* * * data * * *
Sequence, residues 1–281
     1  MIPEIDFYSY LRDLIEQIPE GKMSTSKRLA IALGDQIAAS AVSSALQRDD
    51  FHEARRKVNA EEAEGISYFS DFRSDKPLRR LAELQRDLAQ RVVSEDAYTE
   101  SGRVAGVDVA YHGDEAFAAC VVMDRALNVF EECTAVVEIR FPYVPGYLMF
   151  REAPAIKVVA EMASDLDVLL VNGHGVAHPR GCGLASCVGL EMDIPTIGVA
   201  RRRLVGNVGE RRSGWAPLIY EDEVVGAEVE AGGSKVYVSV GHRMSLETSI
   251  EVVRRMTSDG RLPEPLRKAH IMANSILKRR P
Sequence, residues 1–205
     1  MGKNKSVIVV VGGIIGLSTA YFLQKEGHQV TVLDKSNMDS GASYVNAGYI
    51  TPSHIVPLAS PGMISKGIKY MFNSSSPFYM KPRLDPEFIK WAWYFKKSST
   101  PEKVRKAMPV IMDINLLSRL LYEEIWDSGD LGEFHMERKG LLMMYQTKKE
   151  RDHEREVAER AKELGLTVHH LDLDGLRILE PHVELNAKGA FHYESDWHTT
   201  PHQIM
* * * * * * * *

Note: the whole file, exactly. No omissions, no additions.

Sequence, residues 1–281
     1  MIPEIDFYSY LRDLIEQIPE GKMSTSKRLA IALGDQIAAS AVSSALQRDD
    51  FHEARRKVNA EEAEGISYFS DFRSDKPLRR LAELQRDLAQ RVVSEDAYTE
   101  SGRVAGVDVA YHGDEAFAAC VVMDRALNVF EECTAVVEIR FPYVPGYLMF
   151  REAPAIKVVA EMASDLDVLL VNGHGVAHPR GCGLASCVGL EMDIPTIGVA
   201  RRRLVGNVGE RRSGWAPLIY EDEVVGAEVE AGGSKVYVSV GHRMSLETSI
   251  EVVRRMTSDG RLPEPLRKAH IMANSILKRR P
Sequence, residues 1–205
     1  MGKNKSVIVV VGGIIGLSTA YFLQKEGHQV TVLDKSNMDS GASYVNAGYI
    51  TPSHIVPLAS PGMISKGIKY MFNSSSPFYM KPRLDPEFIK WAWYFKKSST
   101  PEKVRKAMPV IMDINLLSRL LYEEIWDSGD LGEFHMERKG LLMMYQTKKE
   151  RDHEREVAER AKELGLTVHH LDLDGLRILE PHVELNAKGA FHYESDWHTT
   201  PHQIM